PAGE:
'I love my partner. But I'm having an affair.' Why happy people cheat.

In 2017, iconic couples' therapist Ester Perel suggested that sometimes... happy people cheat.

"In session after session, I meet people who assure me, 'I love my wife/my husband. We are best friends and happy together,' and then say, 'But I am having an affair'," she wrote.

She even reiterated this point on Mamamia's No Filter podcast, saying while people often cheat because of marital dysfunction, sometimes it can happen even when there's no problem with the relationship at all.

"Straying isn't necessarily a symptom of a relationship gone awry," Perel said.

"It's the quest for lost parts of one's self, it's the quest for a sense of aliveness, for vitality. It's a quest to reconnect with the unlived lives."

Watch: 3 relationship mistakes made are divorce. Post continues below.

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As a renowned psychotherapist, New York Times bestselling author and the beloved and trusted voice in the ears of millions who listen to her podcasts, Perel's thoughts on why happy people cheat were incredibly thought-provoking.

In these situations, cheating isn't about compensating for something that's missing in a partnership or setting up an exit, it's about self-discovery.


For these people, infidelity is less likely to be a symptom of a problem and more likely to be about growth, exploration, and transformation, Perel explains.

"We are not looking for another lover so much as another version of ourselves. The Mexican essayist Octavio Paz described eroticism as a 'thirst for otherness.' So often, the most intoxicating 'other' that people discover in an affair is not a new partner - it's a new self."

When Perel's perspective on this topic went viral, it inspired countless think-pieces from fellow therapists, relationships experts, psychologists and more. Some agreed, others did not.

But the conversation certainly made people reflect on their own experiences - was my ex-partner unhappy or happy in the relationship when they cheated? Why did they cheat? 

Isiah McKimmie is a couples' therapist, relationship counsellor and sexologist. For years now she has been helping couples navigate challenges in their relationships, one such example being infidelity. 

From her perspective, she thinks the idea that 'happy people cheat' is perhaps too simplistic.

"Psychologist Shirley Glass and therapists like Dr John and Dr Julie Gottman talk about a slow disconnection in relationships that often builds up or creeps in slowly. This is what ultimately can lead to infidelity. I was talking to a couple recently who said they were quite happy in the relationship, but not entirely satisfied - like the boiling frog syndrome," Isiah explains.


"I certainly have never seen a couple who have experienced infidelity, where there weren't some underlying issues with their connection, their communication or their sexual intimacy."

Perhaps, Isiah suggests, it's more accurate to note that people in relatively stable and comfortable relationships can cheat too. It's not just those whose relationships are marred with conflict and division.

"The most common cause of divorce and separation is actually couples slowly growing apart," she says.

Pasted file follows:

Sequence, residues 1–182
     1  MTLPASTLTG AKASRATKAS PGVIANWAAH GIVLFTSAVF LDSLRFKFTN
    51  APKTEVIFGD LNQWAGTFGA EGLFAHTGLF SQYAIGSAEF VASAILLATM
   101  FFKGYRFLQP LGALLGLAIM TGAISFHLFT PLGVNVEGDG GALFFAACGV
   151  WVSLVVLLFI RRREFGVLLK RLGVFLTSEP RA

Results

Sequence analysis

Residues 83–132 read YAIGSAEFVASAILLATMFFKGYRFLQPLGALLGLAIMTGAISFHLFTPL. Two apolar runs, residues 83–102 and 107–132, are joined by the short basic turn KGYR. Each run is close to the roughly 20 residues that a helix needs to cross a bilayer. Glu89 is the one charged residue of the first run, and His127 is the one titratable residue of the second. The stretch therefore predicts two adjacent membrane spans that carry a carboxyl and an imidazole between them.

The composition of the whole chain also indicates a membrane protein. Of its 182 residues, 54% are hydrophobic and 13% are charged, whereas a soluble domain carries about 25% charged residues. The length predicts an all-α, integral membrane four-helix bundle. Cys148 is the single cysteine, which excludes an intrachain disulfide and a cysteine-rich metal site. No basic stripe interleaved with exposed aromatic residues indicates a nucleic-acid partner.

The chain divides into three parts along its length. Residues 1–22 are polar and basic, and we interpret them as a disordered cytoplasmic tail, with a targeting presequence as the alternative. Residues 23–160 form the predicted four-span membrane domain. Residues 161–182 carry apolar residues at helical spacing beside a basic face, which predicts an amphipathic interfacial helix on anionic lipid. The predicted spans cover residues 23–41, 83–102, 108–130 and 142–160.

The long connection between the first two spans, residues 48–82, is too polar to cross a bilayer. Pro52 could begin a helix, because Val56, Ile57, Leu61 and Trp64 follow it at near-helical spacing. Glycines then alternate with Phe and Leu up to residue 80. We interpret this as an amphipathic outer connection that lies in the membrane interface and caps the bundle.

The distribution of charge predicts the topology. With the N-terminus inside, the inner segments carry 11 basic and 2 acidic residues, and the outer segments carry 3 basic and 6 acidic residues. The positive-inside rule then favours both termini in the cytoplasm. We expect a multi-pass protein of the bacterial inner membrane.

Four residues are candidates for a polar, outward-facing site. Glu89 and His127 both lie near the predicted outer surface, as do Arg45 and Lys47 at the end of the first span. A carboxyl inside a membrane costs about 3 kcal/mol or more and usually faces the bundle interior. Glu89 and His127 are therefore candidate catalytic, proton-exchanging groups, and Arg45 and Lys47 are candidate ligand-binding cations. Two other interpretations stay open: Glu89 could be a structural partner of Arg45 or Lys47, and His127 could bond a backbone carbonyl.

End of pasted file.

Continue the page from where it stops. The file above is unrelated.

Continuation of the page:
"Where I agree with Perel is that a couple doesn't have to be arguing or fighting for disconnection and infidelity to happen. Very often it's that the couple has stopped talking to each other in ways they did at the start of their relationship. So they seek that connection and validation elsewhere."

Another potential reason is that in happy relationships, someone might cheat - not because they are dissatisfied with their partner - but, because they are dissatisfied with themselves.

From Perel's perspective, this isn't to say the person is unhappy within themselves, but instead they're yearning for more passion in their life.

"I often say to my patients that if they could bring into their marriage one-tenth of the boldness and the playfulness that they bring to their affair, their home life would feel quite different," she wrote.

Isiah sees this reasoning for cheating as a quest for validation. 

"People might be very happy with their lives, they might have no intention or desire of leaving their partner. They might love the family they've built together, for example. But there's an opportunity - a connection, excitement and validation that is being offered elsewhere. They're coming from a place of emotion rather than logic," she tells Mamamia


As for whether infidelity always has to signal the end of a relationship? Both Isiah and Perel stress that it doesn't have to.

Of course, if the cheating has occurred within a relationship where there was already a breakdown in trust, and there was disconnection, conflict and division - it can be far harder to come back from. But not impossible.

It's those quote-on-quote 'happy people' who cheat on their partners that potentially have a greater chance at rekindling the relationship from feeling like comfortable roommates to lovers once more. 

"Infidelity can be overcome. Couples can build stronger relationships together by being willing to do the work that it takes to recover from infidelity," says Isiah.

"It is a valid decision to decide to leave your partner after you've found out they've been cheating. But I think equally valid, and something that often is harder for people around us to accept, is that we might choose to stay with a partner who's cheated. Expelling the shame - that's the most important thing for both parties."

Feature Image: Getty.

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